A singular focus

If Fremd senior offensive lineman Christian Lombard doesn't end up in the NFL, his high school coach, Michael Donatucci, believes he could pen a self-help guide.

"He should write a book on how to handle the recruiting process," Donatucci said.

Lombard's recruiting story is the opposite of most you hear these days. From the start, Lombard knew what he wanted -- high-end academics along with a solid football program. He also decided early he was going to end his recruitment early. He wasn't going to prolong it for extra attention. When he found his criteria in Notre Dame, Lombard ceased his recruiting in January 2009 and committed. He also didn't need to put "strong" or "soft" beside his verbal. Once he decided on Notre Dame, he was going to Notre Dame. End of story.

Even when turmoil hit the Fighting Irish program after this past season, and Charlie Weis was fired and Brian Kelly was hired, Lombard never flinched. He was going to Notre Dame no matter what.

"The biggest thing for me was the university is the permanent part," Lombard said. "You got to look at it as the coach may get fired in the next year even if you've signed the letter of intent. That's a big thing. I've learned over time the school is always going to be there."

Donatucci was impressed from start to finish.

"It was well-thought out," Donatucci said. "He knew the toll the recruiting process was taking on him. He knew early on he didn't want it to interfere with his senior year. He knew what he wanted academically. Aside from his football accomplishments, I'm really thankful for how he handled the whole process. It could have been a major distraction for a team sport. He made sure that didn't happen."

Instead, Lombard was able to focus on his senior season. Fremd needed that focus, too, as the team's success depended on him. From day one, the Vikings' plan was to run, run and run some more. For that to work, Lombard needed to block, block and block some more.

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With Lombard paying more attention to the little details of blocking and showing improved footwork from his junior season, he lived up to the expectations of being a Notre Dame recruit. Behind him and the rest of Fremd's offensive line, the Vikings rushed for more than 2,500 yards on the season and went undefeated during the regular season.

"As an offensive line, there were no secret -- we were going to run, and we were going to run behind him," Donatucci said. "It took 12 games before someone was able to stop us. He was much more aggressive, more confident. I think he was able to put it all together."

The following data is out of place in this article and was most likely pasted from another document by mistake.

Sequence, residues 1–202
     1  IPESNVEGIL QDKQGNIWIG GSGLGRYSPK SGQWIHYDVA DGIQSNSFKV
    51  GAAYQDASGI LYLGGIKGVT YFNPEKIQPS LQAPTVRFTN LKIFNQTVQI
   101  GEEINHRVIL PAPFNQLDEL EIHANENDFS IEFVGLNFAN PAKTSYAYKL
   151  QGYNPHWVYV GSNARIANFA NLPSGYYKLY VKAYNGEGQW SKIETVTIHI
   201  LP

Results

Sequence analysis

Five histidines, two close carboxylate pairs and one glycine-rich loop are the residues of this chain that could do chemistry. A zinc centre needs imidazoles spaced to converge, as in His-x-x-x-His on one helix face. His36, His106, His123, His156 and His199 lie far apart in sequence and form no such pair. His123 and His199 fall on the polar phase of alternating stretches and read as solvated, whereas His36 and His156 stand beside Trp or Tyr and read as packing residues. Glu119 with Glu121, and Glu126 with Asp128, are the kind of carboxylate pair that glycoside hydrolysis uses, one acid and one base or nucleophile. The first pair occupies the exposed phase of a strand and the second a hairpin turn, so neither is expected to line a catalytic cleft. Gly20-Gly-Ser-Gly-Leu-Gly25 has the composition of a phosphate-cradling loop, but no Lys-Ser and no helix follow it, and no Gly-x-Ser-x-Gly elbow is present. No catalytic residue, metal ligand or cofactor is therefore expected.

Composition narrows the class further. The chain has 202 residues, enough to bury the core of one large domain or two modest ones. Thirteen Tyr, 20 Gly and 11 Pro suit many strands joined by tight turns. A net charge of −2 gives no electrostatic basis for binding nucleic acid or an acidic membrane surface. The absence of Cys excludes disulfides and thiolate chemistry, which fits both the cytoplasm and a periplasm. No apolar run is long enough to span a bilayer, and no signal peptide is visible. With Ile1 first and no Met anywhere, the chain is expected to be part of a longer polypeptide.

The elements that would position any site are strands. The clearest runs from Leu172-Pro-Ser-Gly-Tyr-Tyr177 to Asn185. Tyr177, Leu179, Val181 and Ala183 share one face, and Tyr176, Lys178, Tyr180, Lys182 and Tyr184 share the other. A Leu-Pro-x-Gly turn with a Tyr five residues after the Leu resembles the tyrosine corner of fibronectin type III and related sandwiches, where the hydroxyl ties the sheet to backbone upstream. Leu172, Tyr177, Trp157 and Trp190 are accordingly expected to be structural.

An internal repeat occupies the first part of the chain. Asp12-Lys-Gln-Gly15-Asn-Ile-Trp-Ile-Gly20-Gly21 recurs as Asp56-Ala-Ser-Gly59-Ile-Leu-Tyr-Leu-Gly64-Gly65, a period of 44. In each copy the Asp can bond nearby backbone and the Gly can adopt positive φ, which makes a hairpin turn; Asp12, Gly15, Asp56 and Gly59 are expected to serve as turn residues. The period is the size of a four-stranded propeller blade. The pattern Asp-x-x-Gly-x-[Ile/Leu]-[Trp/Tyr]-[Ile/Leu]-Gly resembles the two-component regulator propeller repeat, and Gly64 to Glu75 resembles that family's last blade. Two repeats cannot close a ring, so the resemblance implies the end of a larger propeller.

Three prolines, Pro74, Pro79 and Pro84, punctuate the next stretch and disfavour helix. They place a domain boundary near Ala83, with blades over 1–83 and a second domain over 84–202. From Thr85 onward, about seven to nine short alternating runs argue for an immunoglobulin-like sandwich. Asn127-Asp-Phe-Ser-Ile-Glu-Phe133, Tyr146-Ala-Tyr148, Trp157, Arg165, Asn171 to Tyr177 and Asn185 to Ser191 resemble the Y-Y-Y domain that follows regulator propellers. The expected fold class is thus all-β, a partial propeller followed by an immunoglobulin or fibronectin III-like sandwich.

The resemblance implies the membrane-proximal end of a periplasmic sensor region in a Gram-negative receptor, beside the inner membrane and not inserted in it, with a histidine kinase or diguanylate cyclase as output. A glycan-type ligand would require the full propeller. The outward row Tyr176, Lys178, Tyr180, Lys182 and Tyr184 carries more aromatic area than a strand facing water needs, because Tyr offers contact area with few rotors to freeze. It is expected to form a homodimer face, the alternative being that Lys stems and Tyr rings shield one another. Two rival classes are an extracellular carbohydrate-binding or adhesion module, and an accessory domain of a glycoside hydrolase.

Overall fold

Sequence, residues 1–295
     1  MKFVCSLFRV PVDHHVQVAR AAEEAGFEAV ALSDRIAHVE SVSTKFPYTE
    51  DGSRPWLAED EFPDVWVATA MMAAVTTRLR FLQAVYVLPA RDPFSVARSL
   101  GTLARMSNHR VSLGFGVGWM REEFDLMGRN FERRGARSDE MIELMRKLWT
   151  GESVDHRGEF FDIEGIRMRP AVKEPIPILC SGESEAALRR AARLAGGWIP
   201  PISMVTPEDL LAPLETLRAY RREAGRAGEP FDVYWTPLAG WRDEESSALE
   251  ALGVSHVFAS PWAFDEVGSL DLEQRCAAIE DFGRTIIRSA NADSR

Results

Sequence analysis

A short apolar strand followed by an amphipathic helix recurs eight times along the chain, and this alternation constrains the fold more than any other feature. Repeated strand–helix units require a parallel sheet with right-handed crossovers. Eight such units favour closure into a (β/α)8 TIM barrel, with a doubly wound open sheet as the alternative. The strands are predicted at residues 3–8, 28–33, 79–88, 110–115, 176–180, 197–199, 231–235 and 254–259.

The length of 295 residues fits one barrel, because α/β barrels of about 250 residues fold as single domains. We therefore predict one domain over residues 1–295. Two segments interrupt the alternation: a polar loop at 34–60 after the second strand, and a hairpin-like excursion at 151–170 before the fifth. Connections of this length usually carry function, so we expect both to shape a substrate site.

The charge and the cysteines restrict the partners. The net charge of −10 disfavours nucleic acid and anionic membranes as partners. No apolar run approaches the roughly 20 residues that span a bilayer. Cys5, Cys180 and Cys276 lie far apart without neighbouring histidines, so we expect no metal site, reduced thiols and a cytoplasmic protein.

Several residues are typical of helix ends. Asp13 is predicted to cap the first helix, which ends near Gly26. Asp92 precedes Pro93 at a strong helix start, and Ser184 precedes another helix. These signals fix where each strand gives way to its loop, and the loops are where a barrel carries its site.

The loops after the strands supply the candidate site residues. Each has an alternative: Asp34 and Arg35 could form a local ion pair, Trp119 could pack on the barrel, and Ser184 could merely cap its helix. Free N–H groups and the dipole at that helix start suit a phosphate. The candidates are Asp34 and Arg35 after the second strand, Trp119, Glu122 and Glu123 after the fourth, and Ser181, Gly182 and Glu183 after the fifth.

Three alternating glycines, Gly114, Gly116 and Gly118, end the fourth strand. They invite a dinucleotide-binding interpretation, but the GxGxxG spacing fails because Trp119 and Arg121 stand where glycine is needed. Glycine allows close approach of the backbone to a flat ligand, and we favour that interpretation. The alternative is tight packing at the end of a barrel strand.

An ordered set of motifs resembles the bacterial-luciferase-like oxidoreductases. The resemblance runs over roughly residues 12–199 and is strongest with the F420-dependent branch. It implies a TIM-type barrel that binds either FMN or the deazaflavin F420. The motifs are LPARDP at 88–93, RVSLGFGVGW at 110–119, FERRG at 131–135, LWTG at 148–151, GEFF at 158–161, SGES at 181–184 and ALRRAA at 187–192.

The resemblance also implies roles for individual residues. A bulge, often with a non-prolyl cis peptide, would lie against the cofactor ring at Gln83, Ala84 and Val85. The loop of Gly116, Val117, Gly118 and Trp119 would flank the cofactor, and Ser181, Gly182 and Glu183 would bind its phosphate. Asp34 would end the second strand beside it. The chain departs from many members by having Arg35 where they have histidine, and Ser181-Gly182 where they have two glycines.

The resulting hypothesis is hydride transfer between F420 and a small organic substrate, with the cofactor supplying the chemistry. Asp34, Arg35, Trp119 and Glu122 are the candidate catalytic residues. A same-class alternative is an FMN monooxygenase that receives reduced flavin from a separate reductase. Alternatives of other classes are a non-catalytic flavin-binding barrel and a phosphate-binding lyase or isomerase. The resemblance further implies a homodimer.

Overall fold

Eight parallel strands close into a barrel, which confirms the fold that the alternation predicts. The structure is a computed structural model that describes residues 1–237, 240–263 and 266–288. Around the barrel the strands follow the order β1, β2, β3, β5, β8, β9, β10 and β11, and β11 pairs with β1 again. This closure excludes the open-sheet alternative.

Lombard said, "It was a true testament to our offensive line and [running back] Evan [Wright]. That was one of the best offensive lines we've had in Fremd history. Teams knew our game plan, and we shoved it down their throat. 'Try [and] stop us,' we said."

Lombard was out to win this season, but he also sought to prove people wrong. Although he has been ranked among the nation's top offensive linemen for some time, he read that some people questioned his ability.

"There's always doubters," Lombard said. "There's always guys who want to bring you down. You got to do what you can. You can't do anything other than show them what you can do. When the going got tough, I always had that thought in my mind. That was motivation, a driving factor for me."

Despite having an all-state high school season and silencing those local critics, Lombard still felt he had something to prove when he played in the U.S. Army All-American Bowl against national competition in San Antonio in January. There, he was out to show himself he could play with the big boys.

Following a week of practices and the game, Lombard received positive reviews from scouts and accomplished what he set out to. It also encouraged him that the NFL is a realistic goal.

"That was definitely a confidence booster," Lombard said. "I did hold my own out there. I proved to myself I belong with the elite. It was great to see all those athletes that will someday be in the league.

"I think about the NFL every day. That's my No. 1 dream, to play in the league someday. You have to have that passion and desire to go all that way. I think that's something I have."

Scott Powers covers high school and college sports for ESPNChicago.com and can be reached at preps@espnchicago.com.